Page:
Cytokine‐inducible SH2 protein‐3 (CIS3/SOCS3) inhibits Janus tyrosine kinase by binding through the N‐terminal kinase inhibitory region as well as SH2 domain

  title={Cytokine‐inducible SH2 protein‐3 (CIS3/SOCS3) inhibits Janus tyrosine kinase by binding through the N‐terminal kinase inhibitory region as well as SH2 domain},
  author={Atsuo T. Sasaki and Hideo Yasukawa and Asuka Suzuki and Shintaro Kamizono and Takanori Syoda and Ichiko Kinjyo and Mika Sasaki and James A Johnston and Akihiko Yoshimura},
  journal={Genes to Cells},
The Janus family of protein tyrosine kinases (JAKs) regulate cellular processes involved in cell growth, differentiation and transformation through their association with cytokine receptors. We have recently identified the JAK‐binding protein, JAB that inhibits various cytokine‐dependent JAK signalling pathways. JAB inhibits JAK2 tyrosine kinase activity by binding to the kinase domain (JH1 domain) through the N‐terminal kinase inhibitory region (KIR) and the SH2 domain. The SH2 domain of JAB… 

The Pseudokinase Domain Is Required for Suppression of Basal Activity of Jak2 and Jak3 Tyrosine Kinases and for Cytokine-inducible Activation of Signal Transduction*

It is proposed that the JH2 domain contributes to both the uninduced and ligand-induced Jak-receptor complex, where it acts as a cytokine-inducible switch to regulate signal transduction.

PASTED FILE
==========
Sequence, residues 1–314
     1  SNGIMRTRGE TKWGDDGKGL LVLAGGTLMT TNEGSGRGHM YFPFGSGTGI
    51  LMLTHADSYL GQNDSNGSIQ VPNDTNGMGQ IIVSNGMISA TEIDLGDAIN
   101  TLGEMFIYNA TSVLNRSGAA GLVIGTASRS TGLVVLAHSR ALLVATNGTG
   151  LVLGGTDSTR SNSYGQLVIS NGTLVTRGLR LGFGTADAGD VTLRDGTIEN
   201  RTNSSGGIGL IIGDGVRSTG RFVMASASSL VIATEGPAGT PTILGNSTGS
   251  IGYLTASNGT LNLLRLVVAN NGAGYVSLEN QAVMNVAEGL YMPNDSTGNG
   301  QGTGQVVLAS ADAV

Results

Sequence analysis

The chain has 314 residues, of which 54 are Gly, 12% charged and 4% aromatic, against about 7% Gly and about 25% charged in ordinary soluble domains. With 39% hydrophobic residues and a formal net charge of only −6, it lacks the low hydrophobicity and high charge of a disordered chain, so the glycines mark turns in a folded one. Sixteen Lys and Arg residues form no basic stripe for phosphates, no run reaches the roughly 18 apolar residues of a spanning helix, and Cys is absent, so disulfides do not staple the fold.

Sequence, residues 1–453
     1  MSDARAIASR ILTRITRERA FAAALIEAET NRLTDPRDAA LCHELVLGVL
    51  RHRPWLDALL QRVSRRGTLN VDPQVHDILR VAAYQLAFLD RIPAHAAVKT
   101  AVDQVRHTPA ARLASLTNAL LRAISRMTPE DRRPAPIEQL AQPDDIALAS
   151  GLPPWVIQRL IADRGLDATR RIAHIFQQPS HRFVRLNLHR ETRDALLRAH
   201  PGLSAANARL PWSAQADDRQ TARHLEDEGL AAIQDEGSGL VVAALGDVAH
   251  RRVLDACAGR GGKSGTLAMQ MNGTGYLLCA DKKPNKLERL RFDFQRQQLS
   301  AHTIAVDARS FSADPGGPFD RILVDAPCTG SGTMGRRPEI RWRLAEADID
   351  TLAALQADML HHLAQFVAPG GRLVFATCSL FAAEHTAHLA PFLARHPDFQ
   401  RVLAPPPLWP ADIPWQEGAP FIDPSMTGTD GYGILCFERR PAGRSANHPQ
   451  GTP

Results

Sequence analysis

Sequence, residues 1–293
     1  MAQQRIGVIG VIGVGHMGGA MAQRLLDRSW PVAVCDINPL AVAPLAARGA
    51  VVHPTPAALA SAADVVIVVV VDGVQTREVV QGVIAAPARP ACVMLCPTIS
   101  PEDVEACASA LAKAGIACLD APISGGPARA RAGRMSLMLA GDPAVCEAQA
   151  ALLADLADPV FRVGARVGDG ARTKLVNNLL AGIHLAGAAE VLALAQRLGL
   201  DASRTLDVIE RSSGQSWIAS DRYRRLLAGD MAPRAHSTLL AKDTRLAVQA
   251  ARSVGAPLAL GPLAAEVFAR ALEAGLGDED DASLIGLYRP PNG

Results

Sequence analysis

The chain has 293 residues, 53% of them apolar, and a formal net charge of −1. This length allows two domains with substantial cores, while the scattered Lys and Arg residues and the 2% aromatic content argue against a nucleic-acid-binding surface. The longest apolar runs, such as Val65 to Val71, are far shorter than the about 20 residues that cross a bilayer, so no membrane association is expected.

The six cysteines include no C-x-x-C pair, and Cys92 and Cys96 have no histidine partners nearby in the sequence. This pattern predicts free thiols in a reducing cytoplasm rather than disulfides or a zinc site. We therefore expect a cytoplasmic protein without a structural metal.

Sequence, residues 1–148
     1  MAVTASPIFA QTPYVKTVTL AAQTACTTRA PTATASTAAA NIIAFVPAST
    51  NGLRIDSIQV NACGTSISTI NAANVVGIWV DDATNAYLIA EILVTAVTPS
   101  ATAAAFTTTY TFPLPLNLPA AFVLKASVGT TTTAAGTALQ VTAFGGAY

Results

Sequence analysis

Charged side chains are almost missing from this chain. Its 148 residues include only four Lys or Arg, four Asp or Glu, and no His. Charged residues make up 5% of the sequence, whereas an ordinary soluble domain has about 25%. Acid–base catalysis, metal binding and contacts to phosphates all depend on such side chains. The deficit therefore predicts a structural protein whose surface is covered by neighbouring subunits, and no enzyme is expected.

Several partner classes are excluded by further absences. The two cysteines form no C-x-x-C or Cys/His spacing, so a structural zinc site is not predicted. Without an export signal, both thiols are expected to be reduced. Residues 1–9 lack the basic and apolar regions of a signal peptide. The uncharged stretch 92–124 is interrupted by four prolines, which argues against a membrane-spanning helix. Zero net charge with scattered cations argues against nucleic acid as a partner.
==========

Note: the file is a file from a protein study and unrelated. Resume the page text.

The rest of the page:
SHP-2 Regulates SOCS-1-mediated Janus Kinase-2 Ubiquitination/Degradation Downstream of the Prolactin Receptor*

It is reported that SHP-2 dephosphorylates tyrosine (Tyr-1007) of Jak2 kinase, a critical recruitment site for the ubiquitin ligase-associated inhibitory protein suppressor of cytokine signaling-1 (SOCS-1), thereby contributing to Jak2 stability.

SHP2 and SOCS3 Contribute to Tyr-759-dependent Attenuation of Interleukin-6 Signaling through gp130*

Experiments suggest, that there are two, largely distinct modes of negative regulation of gp130 activity, despite the fact that both SOCS3 and SHP2 are recruited to the same site within gp130.

SOCS3 binds specific receptor–JAK complexes to control cytokine signaling by direct kinase inhibition

The inhibitory protein SOCS3 plays a key part in the immune and hematopoietic systems by regulating signaling induced by specific cytokines. SOCS3 functions by inhibiting the catalytic activity of

Negative regulation of cytokine signaling pathways.

Biochemical characterization as well as gene disruption studies indicate that JAB/SOCS1/SSI-1 is an important negative regulator of interferon gamma signaling.

Regulation of Jak2 through the Ubiquitin-Proteasome Pathway Involves Phosphorylation of Jak2 on Y1007 and Interaction with SOCS-1

It is indicated that the ubiquitin-proteasome pathway negatively regulates tyrosine-phosphorylated Jak2 in cytokine receptor signaling, which provides an additional mechanism to control activation of Jak2 and maintain cellular homeostasis.

The Janus Kinase Inhibitor, JAB/SOCS-1, Is an Interferon-γ Inducible Gene and Determines the Sensitivity to Interferons

A functional structure of JAB/SOCS-1 is defined and a mechanism for how JAB inhibits JAK kinase activity is proposed, which is indeed a “negative feedback regulator” that determine the sensitivity of cells to IFNγ.

Structural basis for phosphotyrosine recognition by suppressor of cytokine signaling-3.

Suppressor of cytokine signaling-3 preferentially binds to the SHP-2-binding site on the shared cytokine receptor subunit gp130.